Director Sarah Polley Breaks out with stars Rooney Mara, Claire Foy, Jesse Buckley, Ben Whishaw, and Frances McDormand.
Although already an accomplished filmmaker, actress-turned-director Sarah Polley raises her voice to the next level for her latest, Women Talking. Based on the 2018 novel of the same title by Miriam Toews, Women Talking stands tall as a bold deep dive into the raw emotional grappling inside a communal fight or flight decision.
While it’s true that the film lives up to its title for most of its running time, it’s never less than a visual feast. Polley and cinematographer Luc Montpellier bring an effortless facade to their rendering of this group of less than a dozen (give or take at any given time) victims of rape and sexual assault gathered in a barn, simply verbally hashing out what on Earth to do.
The women doing this talking are portrayed by a most formidable ensemble, each doing top-tier work amid this wrenchingly difficult subject. They include Rooney Mara as the young Ona, Claire Foy as Salome, Jesse Buckley as the ever-seething Mariche, and one of the film’s producers, Frances McDormand, in the smaller role of the unapproving mother, Scarface Janz. Serving as their scribe is the only university-educated one among them, and the only male, August Epp, achingly portrayed by Ben Whishaw. Polley’s robust narrative simmer is perfectly balanced with the urgent semi-minimalist tones of composer Hildur Guðnadóttir, as well as a well-placed pop hit.
At the very start of this rural tale, an onscreen graphic tells us that the film we’re about the see is a work of “wild female imagination”. This is an immediate owning of a phrase regularly employed against female accusers by the male abusers of the extremely patriarchal community in question, as well as those in power who shield and protect them. It is a secluded Mennonite community, settled into all the old-world accoutrements: handmade, plain clothing, horses and buggies as the only mode of transportation, farming of course, and headcovers on all the women, all the time. It may or may not come as a surprise (though it’s no internal secret) that the film takes place in contemporary times (2010).
Before our eyes, an insular extreme edition of woman’s rights in the twentieth century and onward plays out. The women congregate in secret. The truth of their shared plight has been acknowledged. A debate is had over how to deal with it. They can either stay and live with it, rebel, or leave. A secret vote is taken. A collective decision is reached. The rest of the film is merely the necessary myriad of what ifs, what abouts, and wherefores. We hang on every word of Polley’s screenplay.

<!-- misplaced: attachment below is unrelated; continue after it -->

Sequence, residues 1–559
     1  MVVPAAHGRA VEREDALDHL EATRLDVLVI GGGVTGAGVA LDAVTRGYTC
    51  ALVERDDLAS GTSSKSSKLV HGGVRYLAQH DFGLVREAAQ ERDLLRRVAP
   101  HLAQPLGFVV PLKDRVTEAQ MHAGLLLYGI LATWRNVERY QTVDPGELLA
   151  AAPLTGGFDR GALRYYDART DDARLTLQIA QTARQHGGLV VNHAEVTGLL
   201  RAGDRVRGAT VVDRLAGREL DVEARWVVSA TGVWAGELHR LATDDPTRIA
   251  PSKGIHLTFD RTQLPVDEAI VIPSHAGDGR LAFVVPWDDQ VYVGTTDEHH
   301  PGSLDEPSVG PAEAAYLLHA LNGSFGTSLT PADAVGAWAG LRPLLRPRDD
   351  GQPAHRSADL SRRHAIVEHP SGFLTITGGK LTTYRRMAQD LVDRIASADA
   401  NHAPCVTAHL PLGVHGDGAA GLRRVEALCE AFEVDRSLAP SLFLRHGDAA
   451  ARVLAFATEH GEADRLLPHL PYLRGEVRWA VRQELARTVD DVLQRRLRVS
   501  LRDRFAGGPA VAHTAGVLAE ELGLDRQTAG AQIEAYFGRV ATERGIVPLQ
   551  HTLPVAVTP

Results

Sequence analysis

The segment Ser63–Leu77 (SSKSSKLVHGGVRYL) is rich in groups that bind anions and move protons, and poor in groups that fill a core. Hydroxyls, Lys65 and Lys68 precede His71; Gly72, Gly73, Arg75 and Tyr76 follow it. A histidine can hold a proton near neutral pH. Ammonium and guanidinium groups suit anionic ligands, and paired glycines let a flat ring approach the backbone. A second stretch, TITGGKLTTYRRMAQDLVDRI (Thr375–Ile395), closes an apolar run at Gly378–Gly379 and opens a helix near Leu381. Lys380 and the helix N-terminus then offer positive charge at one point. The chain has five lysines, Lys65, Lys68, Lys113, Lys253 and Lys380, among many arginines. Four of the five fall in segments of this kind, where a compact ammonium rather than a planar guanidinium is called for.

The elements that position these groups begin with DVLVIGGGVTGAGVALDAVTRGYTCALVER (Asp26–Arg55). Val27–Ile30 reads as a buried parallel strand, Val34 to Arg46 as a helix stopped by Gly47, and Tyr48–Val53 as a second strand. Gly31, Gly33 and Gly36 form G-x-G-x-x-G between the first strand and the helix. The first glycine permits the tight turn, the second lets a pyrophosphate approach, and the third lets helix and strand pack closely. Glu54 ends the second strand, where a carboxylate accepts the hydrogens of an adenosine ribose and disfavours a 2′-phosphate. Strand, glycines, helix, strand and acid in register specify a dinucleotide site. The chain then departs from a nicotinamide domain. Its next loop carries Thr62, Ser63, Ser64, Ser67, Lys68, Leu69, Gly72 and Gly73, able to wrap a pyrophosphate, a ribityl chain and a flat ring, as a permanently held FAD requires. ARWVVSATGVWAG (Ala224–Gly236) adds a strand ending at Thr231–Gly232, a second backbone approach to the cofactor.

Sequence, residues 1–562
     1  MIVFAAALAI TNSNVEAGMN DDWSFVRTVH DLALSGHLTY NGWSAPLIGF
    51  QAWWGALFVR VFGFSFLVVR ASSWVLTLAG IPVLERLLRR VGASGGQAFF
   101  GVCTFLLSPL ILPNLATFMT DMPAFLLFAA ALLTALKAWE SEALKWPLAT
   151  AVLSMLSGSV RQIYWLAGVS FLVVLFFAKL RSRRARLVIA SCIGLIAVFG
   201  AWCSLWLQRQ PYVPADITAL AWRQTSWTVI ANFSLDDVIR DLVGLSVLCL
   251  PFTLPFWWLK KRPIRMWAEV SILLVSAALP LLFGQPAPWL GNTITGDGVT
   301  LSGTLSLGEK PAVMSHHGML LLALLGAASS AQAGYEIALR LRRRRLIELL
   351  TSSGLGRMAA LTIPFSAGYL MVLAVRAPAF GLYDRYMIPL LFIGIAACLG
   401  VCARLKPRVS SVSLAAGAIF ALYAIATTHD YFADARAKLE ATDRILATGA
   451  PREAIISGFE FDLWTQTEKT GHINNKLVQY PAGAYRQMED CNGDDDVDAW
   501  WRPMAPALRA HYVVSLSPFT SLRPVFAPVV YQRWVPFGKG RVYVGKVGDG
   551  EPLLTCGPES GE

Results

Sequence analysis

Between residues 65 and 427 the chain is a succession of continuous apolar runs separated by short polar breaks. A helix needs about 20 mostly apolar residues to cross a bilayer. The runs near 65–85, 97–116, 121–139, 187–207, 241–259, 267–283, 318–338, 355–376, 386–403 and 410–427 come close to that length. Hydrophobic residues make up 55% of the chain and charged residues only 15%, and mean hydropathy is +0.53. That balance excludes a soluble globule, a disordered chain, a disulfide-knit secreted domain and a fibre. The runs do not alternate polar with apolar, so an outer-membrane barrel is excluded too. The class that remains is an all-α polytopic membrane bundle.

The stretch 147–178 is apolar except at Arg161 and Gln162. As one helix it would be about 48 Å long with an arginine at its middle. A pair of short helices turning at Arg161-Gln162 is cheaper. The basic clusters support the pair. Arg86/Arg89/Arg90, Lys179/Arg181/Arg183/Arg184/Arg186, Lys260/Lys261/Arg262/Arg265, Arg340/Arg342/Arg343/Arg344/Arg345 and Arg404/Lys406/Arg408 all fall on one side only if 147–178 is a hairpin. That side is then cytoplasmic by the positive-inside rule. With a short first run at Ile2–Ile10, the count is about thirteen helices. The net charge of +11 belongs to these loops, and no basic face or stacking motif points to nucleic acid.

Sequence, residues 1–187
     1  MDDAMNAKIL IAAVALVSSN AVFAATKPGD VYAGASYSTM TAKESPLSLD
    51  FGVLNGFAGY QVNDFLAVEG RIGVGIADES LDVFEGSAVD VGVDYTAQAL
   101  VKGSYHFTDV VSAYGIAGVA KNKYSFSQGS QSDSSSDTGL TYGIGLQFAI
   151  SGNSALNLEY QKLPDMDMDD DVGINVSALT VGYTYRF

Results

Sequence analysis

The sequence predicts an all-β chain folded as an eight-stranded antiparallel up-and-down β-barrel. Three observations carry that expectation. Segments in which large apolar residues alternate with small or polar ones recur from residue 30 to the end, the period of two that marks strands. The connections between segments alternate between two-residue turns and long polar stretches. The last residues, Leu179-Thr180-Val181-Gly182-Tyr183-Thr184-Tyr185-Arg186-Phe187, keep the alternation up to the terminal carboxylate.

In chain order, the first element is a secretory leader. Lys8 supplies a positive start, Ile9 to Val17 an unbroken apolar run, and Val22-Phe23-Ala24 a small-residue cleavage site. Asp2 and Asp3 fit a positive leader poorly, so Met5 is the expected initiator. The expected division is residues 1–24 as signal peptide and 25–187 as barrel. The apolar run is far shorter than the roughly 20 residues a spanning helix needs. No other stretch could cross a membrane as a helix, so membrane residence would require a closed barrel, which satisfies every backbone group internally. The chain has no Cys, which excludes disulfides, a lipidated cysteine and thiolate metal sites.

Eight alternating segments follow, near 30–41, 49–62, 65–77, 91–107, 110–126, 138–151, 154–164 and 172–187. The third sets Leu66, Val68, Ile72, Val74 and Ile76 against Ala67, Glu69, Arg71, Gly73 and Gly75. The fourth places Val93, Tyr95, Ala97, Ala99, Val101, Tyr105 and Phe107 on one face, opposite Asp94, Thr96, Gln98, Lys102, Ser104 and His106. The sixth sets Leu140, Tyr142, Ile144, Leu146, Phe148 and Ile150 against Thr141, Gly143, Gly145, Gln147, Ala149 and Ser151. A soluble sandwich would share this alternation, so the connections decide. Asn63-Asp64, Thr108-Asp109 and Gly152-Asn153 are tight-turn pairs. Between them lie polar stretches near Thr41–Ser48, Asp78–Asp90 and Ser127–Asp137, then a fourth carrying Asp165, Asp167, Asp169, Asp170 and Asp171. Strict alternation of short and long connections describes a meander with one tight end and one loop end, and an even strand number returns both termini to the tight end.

All this time, the women have been told that they must forgive their attackers and move on. For if they fail to do so, they will be barred from the kingdom of Heaven. Likewise, if they opt to leave, they will, for that, also be barred from the kingdom of Heaven. Their faith, though, is never not taken seriously on any level. So many of their debates are theological in nature. In a movie year that seems to have God on the mind (see: Darren Aronofsky’s The Whale or Antoine Fuqua’s Emancipation), this handling is the most revelatory.
If 2022 is going to grant only one “Film For The Ages”, it must be Women Talking. One can foresee alongside the hallowed Greats of the form. Strident and rightly defiant in the face of a long-festering evil authoritarian structure, Polley’s lobs and volleys are nothing if not impressively calculated. So radically uninterested in hearing the male side of the story is she that that she doesn’t even bother to give them screen time, much less a voice. (It is, after all, a voice well documented heretofore). In the rare event that one of the men in question appears, he’s tiny in the frame, probably facing away.
The exception of course is Whishaw’s “holdout”, August. It doesn’t feel quite right in singling out his performance over the many A-game female performances, though it must be said that what begins as oddly off-putting comes around to something powerfully resonant. But then, that’s true of the whole thing, a five-out-of-five-star accomplishment from beginning to end. Sarah Polley truly solidifies herself as a formidable director with this show of “tell, don’t show” hashing-out. Although this is a quiet movie, it is a pronounced one, making its thorough stand soundly. And that sound is the sound of Women Talking. Indeed, we should all be listening.